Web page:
Despite the fact that Gal Kobi was killed so soon after Tomer Hazan, there has been little indication of a rising wave of terror in the West Bank. Though no Israelis were killed in terrorist attacks in Judea and Samaria in 2012 and three have already been murdered since the beginning of 2013, at this stage, the attacks in Hebron, Tapuah Junction (in April) and Beit Amin appear to be the work of individual terrorists who acted alone, not that of organized terrorist networks.
This relatively new type of attack, initiated by individuals who bypassed the organized terrorism infrastructure, presents new challenges for Israel’s security forces. The lack of clear infrastructure makes it more difficult to detect potential terrorists of this kind. In many ways, tracking down this new species of terrorist is a much greater challenge than apprehending known activists. They do not depend on known collaborators and often manage to obtain their weapons without outside assistance, occasionally even settling for “cold” weapons, like the knife used in the lethal attack at Tapuah Junction.
Unlike the arch-terrorists and murderous minds of the Hamas infrastructure during the difficult years of the Second Intifada, these terrorists are sometimes not very sophisticated. Yet they manage to attack and kill Israelis, and are generating an increasing numbers of threats that demand additional efforts from Israel’s security forces.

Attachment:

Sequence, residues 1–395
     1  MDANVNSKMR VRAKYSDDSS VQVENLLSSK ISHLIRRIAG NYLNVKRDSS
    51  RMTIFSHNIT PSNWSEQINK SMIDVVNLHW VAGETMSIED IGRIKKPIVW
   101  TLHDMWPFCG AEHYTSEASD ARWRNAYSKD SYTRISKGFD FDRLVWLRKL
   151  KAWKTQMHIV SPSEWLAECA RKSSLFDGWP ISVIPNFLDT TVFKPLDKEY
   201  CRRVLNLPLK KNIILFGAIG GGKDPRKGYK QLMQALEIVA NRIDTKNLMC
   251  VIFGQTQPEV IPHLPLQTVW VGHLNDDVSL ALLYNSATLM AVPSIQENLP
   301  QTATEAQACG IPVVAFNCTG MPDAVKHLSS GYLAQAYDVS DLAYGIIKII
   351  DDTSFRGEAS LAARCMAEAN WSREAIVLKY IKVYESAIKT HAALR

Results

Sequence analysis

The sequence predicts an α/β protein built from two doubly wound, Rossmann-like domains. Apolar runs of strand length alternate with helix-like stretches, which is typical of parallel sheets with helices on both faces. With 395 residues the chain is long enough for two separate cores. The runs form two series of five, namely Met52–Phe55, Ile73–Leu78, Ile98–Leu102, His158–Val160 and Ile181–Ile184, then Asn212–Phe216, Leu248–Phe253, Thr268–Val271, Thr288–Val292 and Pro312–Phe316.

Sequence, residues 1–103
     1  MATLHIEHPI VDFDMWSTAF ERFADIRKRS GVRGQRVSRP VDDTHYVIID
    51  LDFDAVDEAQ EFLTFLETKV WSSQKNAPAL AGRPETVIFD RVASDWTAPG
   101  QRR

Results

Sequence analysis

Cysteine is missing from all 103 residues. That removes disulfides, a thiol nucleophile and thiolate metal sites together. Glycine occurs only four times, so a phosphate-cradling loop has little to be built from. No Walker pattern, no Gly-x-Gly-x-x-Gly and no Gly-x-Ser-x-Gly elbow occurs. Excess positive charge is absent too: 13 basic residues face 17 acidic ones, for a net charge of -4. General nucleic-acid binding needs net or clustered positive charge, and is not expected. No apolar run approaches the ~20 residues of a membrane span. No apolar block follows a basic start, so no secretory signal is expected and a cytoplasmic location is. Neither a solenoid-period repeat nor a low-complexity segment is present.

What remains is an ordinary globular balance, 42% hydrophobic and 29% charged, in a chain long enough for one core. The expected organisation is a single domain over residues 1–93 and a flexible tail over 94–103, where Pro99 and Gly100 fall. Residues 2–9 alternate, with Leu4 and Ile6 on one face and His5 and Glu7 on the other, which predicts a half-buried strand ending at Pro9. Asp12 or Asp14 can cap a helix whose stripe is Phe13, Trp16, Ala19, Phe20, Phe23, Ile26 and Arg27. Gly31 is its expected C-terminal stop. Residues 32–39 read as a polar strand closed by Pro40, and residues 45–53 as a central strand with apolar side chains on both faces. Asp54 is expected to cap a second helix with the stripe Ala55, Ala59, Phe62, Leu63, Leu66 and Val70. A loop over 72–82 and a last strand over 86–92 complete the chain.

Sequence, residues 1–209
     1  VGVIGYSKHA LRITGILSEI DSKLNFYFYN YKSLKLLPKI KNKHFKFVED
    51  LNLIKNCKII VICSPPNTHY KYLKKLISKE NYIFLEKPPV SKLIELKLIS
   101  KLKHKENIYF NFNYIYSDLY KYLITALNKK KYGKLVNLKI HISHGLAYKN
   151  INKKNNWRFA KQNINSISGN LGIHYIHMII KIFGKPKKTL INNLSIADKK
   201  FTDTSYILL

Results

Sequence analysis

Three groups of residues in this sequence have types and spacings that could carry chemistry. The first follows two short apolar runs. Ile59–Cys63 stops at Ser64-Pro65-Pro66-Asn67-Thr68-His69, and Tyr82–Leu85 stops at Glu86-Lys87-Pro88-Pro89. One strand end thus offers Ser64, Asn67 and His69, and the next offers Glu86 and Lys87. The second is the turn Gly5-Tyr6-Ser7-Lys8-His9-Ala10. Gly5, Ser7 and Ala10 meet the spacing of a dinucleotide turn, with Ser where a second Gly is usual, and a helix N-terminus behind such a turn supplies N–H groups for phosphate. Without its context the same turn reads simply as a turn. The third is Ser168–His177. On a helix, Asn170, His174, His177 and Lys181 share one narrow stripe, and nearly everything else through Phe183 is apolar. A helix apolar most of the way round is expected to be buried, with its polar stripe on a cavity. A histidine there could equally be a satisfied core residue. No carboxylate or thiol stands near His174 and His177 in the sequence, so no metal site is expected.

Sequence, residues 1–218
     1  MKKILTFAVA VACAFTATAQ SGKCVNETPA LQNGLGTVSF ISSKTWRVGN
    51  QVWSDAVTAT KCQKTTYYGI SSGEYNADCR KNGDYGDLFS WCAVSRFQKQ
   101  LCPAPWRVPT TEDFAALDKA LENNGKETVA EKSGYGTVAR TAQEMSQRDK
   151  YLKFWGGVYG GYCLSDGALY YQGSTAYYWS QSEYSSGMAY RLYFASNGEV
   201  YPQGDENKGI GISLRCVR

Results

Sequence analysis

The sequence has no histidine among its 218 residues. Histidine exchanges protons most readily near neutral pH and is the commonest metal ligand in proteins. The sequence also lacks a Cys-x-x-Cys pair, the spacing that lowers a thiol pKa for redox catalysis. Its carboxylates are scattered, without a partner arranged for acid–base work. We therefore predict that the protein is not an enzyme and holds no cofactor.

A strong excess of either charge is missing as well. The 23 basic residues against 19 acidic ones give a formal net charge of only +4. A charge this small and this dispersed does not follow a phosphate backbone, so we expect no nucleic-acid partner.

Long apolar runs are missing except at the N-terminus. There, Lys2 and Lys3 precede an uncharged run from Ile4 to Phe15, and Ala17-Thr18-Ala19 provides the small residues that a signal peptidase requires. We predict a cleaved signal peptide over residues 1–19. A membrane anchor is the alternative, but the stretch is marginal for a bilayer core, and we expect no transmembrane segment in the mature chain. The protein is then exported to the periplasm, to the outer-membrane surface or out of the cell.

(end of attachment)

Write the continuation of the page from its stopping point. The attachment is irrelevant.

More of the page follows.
The PA’s response
The Palestinian Authority has not taken a clear-cut stance on the recent attacks.
PA President Mahmoud Abbas, who met with US President Barack Obama on the sidelines of the UN General Assembly in New York on Tuesday, failed to condemn the murders of soldiers Hazan and Kobi in the media for nearly three full days.
After he met with representatives of American Jewish organizations on Monday, several of those who attended tweeted that Abbas had denounced the attacks and demanded that Israel condemn the murder of four Palestinians during the last month, but this somewhat unusual condemnation received no mention in the Palestinian media. The following day, Abbas finally published an official statement in which he explicitly denounced the attacks.